2 May 2017, wee hours...
I mentioned in an earlier post that I no longer advertise in the classifieds when I hold a yard sale -- it isn't cost effective. I also mentioned that there were some other things I considered important to a successful yard sale. At last, here they are.
The idea is to be as professional as possible and to make people want to shop, tell their friends, and maybe even come back later in the day.
Having said all this, I will confess that I don't have enough tables for my sale this week. So, some stuff is going to be in boxes and some is going to be on the driveway. I have so much more stuff than I expected...
A good and worthwhile yard sale takes some planning and work. But, depending on how much stuff you've accumulated, a yard sale can be very profitable. (My personal best if $500.) It's a good way to purge and avoid being a candidate for the next episode of Hoarders. It can even be fun.
For the final rule, if you are serious about purging, anything that doesn't sell gets boxed up and taken to the nearest charity thrift store donation site.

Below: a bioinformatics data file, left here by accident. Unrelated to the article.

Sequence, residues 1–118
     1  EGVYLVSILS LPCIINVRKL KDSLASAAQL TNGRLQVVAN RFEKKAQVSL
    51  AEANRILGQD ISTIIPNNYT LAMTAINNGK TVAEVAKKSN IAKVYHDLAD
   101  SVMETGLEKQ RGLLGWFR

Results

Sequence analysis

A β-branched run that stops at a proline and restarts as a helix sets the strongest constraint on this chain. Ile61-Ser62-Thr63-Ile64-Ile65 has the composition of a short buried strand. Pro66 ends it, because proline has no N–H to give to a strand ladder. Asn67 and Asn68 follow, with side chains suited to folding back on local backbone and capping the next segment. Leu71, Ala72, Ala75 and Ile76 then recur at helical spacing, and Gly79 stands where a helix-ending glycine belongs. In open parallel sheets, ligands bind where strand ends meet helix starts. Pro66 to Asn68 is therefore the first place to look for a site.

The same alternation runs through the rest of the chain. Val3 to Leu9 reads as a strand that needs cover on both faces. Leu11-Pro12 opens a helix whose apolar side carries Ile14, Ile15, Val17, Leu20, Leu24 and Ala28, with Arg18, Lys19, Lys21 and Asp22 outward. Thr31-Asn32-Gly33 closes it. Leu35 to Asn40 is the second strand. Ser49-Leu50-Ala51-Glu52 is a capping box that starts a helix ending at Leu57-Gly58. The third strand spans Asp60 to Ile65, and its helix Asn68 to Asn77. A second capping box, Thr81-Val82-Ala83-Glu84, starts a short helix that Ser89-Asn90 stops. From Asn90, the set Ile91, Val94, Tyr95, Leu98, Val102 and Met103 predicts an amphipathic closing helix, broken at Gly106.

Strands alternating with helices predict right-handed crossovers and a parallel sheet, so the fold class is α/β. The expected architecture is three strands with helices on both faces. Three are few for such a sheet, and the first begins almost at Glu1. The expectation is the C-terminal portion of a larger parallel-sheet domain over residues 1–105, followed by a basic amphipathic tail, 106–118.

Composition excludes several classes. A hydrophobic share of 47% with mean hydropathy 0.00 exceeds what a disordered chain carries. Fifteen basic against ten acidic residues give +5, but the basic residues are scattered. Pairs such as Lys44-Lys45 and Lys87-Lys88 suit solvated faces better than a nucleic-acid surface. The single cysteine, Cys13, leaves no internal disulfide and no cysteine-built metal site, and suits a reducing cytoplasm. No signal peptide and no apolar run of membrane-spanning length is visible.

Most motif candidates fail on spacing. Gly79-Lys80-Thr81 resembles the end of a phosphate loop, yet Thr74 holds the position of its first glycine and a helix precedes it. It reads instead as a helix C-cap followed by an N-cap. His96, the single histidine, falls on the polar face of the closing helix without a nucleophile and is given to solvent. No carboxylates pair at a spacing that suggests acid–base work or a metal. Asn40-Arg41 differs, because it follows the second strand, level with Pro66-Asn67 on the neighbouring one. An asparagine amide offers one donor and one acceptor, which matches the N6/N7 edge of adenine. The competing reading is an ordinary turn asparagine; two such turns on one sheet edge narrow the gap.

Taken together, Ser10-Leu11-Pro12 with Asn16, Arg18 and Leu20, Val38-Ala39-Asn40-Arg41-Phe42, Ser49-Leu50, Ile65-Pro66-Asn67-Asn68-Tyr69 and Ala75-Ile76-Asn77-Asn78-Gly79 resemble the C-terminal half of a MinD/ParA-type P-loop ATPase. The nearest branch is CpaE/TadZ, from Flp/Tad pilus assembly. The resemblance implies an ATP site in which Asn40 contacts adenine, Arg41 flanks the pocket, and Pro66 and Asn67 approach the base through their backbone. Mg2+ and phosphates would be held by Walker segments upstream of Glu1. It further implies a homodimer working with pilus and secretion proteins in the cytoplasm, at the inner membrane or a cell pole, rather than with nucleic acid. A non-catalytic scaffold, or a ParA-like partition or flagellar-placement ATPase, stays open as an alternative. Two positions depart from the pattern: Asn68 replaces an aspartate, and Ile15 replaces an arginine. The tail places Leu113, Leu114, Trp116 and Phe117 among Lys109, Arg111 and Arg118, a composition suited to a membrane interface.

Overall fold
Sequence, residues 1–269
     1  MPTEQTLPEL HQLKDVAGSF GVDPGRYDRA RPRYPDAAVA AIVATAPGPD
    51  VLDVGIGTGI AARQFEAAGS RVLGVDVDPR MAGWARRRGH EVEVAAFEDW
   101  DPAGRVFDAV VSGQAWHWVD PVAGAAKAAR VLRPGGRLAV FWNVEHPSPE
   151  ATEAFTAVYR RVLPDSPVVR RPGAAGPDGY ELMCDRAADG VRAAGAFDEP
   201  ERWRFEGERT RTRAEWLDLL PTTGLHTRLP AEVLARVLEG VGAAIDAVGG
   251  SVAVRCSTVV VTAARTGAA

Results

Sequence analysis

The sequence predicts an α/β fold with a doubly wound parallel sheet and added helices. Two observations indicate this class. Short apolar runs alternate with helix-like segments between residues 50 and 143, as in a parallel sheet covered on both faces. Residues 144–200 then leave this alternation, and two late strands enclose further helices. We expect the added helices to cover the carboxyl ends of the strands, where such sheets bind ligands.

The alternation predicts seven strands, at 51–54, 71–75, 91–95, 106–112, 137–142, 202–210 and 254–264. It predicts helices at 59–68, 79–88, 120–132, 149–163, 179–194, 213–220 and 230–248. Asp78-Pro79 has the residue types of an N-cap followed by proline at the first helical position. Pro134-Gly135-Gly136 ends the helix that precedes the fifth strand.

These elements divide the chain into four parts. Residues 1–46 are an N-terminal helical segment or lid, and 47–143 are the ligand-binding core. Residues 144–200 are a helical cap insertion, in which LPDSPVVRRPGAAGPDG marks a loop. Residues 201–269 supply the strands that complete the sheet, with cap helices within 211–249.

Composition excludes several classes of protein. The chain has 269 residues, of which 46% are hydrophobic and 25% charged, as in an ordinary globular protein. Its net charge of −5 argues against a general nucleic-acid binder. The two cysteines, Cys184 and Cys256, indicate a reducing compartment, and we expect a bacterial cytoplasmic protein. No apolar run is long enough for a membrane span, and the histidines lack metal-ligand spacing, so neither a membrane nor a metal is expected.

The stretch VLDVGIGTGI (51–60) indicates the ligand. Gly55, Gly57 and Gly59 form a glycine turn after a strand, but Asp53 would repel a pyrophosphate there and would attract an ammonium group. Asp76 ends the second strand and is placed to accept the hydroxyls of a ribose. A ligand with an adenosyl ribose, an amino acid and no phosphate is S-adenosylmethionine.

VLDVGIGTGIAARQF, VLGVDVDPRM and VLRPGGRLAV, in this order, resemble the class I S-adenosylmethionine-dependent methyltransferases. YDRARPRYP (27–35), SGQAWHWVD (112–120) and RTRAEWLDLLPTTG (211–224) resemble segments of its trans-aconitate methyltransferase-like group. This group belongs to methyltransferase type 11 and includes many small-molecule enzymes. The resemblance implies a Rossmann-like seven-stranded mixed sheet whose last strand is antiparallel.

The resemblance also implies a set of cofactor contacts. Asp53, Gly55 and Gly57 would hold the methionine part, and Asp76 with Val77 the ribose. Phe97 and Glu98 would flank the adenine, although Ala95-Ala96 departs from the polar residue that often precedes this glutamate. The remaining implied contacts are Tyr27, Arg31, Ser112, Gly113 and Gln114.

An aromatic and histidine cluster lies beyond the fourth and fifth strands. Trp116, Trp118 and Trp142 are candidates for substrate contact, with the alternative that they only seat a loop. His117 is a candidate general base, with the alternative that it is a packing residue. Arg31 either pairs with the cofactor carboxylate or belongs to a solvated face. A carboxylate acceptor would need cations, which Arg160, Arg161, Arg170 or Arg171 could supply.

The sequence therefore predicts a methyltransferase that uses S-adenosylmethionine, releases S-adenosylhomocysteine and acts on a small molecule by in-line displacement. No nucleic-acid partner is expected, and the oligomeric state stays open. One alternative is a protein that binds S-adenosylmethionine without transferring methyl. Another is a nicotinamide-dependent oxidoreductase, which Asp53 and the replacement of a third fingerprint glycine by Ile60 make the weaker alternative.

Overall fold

30 April 2017, wee hours...
Back in the day, when I thought there was some remote chance that I would get tenure at a good university, I did some publishing on the subject of creativity. I stumbled across these today and decided to share them with you. Never got tenure, largely because I just gave up. But, these were worth doing and worth reading.
Prepare Your Mind For Creativity
Prepare Your Mind For Learning
23 April 2017, afternoon...
The role of the critic seems to have been corrupted, perhaps by the pressures of media sales and ratings figures. Some people rely on critics to tell them what is good and what is not and what to spend their hard-earned money on. Some creative types hate critics both for their pandering and for their seemingly impossible standards.
Both groups have lost sight of the real and vital role the critic plays in the creative process.
When makers and creators produce, they tend to be either too self-critical or not nearly enough so. In other words, they lack objectivity. This is the job of the critic -- to bring objective and constructive criticism to the creative processes. What's good about the work. What's not so good. WHY. The true critic works with the maker, not against.